News regarding crypto regulation in the US, where nine members of the US Congress have expressed support for the Digital Asset Anti-Money Laundering Act, a bill recently introduced by Senators Elizabeth Warren, Roger Marshall, Joe Manchin, and Lindsey Graham.
Specifically, this legislation in the blockchain field has been the subject of concern among experts, who see it as one of the most direct initiatives against the privacy and freedom of cryptocurrency users. Let’s look at all the details below.
The future of crypto regulation in the United States under discussion: the latest news
As anticipated, recently nine members of the US Congress joined forces with Senators Elizabeth Warren (D-MA), Roger Marshall (R-KS), Joe Manchin (D-WV) and Lindsey Graham (R-SC) to support the Digital Asset Anti-Money Laundering Act.
This bill is designed to close current regulatory loopholes and promote greater compliance of crypto companies with the anti-money laundering and counter-terrorist financing (AMF/CFT) regulations that already govern much of the financial system.
As we know,Senator Warren first introduced this bill in December last year. Then, in July, Senators Warren, Marshall, Manchin and Graham reintroduced it.
We see that some experts have called this proposal a direct attack on the personal freedom and privacy of cryptocurrency users.
In addition, last week several other US senators, including Catherine Cortez Masto (D-NV), Gary Peters (D-MI), Dick Durbin (D-IL), Tina Smith (D-MN), Angus King (I-ME), Jeanne Shaheen (D-NH), Bob Casey (D-PA), Richard Blumenthal (D-CN) and Michael Bennet (D-CO), announced their support for the bill.
Senator Cortez Masto, in particular, stressed the importance of preventing transnational drug cartels and other criminal organizations from financing their illegal activities through the use of cryptocurrencies, stating the following:
“Our bipartisan bill will ensure that cryptocurrency companies follow the same rules as banks, close loopholes that criminals are taking advantage of, and provide our financial institutions with the tools they need to prosecute bad actors.”
Support for the Digital Asset Anti-Money Laundering Act in the U.S. Congress: who and why
A diverse group of organizations, including the Bank Policy Institute, Transparency International US, Global Financial Integrity, National District Attorneys Association, Major County Sheriffs of America, AARP, National Consumer Law Center (on behalf of its low-income clients), and National Consumers League, expressed support for the Digital Asset Anti-Money Laundering Act, recently introduced in Congress by Senators Elizabeth Warren, Roger Marshall, Joe Manchin, and Lindsey Graham.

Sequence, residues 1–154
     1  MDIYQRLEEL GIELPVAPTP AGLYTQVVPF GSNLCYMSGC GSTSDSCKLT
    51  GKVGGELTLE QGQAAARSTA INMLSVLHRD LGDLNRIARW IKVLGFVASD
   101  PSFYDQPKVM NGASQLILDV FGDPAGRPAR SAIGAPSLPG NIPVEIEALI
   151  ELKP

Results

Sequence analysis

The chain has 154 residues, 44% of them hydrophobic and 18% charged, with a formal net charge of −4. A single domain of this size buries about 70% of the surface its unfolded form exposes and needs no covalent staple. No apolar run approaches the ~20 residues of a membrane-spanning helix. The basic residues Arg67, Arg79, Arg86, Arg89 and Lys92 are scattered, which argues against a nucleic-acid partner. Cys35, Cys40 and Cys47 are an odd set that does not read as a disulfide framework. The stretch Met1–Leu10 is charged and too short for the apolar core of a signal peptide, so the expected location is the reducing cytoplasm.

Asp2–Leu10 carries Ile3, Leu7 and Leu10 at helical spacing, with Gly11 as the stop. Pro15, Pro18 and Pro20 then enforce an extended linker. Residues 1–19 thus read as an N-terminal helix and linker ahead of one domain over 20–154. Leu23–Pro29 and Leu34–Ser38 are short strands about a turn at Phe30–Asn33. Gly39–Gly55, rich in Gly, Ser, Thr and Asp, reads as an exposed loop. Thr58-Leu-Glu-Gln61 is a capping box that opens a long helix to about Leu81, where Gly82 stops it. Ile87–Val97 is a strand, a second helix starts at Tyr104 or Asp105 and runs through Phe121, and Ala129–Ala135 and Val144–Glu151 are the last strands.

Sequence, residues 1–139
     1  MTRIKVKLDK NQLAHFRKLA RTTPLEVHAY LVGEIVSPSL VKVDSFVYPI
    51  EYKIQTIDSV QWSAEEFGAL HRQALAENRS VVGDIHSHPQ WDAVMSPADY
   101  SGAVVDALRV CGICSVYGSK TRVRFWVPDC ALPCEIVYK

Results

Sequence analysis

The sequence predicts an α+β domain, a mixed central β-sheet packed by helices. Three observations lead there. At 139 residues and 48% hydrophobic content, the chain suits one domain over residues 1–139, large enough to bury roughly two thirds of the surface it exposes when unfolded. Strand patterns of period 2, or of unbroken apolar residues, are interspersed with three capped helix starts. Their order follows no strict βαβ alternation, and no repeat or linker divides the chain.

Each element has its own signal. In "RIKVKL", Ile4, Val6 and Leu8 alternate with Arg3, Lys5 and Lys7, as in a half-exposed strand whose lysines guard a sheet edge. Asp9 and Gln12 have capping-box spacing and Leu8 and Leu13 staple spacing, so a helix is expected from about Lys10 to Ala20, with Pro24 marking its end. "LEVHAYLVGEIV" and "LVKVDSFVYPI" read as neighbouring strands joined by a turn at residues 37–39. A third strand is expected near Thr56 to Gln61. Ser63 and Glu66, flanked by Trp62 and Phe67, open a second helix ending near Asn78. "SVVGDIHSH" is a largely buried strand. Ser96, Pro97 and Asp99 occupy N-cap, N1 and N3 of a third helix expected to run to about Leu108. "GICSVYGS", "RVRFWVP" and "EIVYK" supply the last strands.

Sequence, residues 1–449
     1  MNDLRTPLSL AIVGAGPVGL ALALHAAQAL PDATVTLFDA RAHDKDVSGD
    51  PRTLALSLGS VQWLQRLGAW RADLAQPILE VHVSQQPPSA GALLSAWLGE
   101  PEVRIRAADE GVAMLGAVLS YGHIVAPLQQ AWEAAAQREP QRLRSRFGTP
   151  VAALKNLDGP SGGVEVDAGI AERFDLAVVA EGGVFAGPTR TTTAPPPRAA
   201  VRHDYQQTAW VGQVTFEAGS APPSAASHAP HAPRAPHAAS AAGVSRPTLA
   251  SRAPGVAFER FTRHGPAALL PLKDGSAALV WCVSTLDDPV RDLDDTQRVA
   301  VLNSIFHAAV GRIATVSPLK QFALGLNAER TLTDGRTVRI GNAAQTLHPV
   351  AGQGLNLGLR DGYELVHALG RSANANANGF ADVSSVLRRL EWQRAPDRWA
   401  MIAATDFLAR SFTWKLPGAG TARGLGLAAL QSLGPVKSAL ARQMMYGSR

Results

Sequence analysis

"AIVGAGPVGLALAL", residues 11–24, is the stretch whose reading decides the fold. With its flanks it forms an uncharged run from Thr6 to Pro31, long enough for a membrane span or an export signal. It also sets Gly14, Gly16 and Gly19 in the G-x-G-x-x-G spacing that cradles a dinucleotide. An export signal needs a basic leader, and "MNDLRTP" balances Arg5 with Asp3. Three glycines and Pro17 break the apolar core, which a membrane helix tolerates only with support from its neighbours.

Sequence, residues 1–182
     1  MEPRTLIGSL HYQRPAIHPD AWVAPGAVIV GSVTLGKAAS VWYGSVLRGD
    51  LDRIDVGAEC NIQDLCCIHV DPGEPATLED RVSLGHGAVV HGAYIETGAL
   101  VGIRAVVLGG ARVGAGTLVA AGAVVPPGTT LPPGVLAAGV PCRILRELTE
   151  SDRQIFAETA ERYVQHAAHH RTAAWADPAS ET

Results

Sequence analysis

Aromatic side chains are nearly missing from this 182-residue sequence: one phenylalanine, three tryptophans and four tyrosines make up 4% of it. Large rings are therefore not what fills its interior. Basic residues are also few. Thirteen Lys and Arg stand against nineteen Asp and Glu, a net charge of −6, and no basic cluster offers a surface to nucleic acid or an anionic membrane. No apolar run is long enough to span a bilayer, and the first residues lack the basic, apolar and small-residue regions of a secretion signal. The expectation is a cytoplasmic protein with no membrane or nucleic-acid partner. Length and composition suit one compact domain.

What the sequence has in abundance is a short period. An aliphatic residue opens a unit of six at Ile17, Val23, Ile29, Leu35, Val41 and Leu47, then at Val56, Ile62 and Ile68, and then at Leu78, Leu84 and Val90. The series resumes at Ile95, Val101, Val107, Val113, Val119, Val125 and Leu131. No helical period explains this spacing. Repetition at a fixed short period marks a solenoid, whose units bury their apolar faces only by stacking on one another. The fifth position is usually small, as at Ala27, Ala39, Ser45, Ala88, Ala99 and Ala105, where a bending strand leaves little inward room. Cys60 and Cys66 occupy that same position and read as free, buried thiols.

In particular, the Bank Policy Institute stressed the importance of adapting the anti-money laundering framework and the Bank Secrecy Act to digital assets and expressed its intention to work to defend the nation’s financial system against illicit financial activities.
According to a summary provided by lawmakers supporting the bill, the Digital Asset Anti-Money Laundering Act proposes to expand Bank Secrecy Act (BSA) responsibilities, including Know-Your-Customer requirements, to cover digital asset wallet providers, miners, validators and other network participants who are involved in validating, protecting or facilitating digital asset transactions.
In addition, the bill addresses a significant loophole related to non-hosted digital wallets by requiring banks and money services companies (MSBs) to verify the identities of customers and counterparties, maintain records and submit reports related to certain digital asset transactions involving non-hosted wallets or located in non-BSA-compliant jurisdictions.
The bill also seeks to extend BSA rules related to foreign bank accounts to digital assets by requiring US persons involved in digital asset transactions with a value greater than $10,000 through offshore accounts to file a foreign bank and financial account report (FBAR) with the Internal Revenue Service (IRS).
Some criticisms of Senator Warren’s crypto bill
As we know, ever since Senator Warren proposed the crypto bill, she has also received a lot of criticism about it, particularly on the renowned social X (Twitter).
For example, pro-bitcoin Senator Cynthia Lummis had expressed her concerns about the requirement to incorporate AML/KYC into open source software and hardware portfolios, saying that this move might not be effective.
Blockchain law professor J.W. Verret, on the other hand, argued that the bill could make transactions more traceable for criminals, raising privacy and civil rights concerns.
Still, Neeraj Agrawal, director of communications at the Coin Center, called the bill a disaster and expressed concerns that it may not prevent future FTX-like cases.Finally, Jerry Brito, executive director of the Coin Center, expressed criticism about the Digital Asset Anti-Money Laundering Act, arguing that it is the most direct attack on the personal freedom and privacy of cryptocurrency users and developers ever.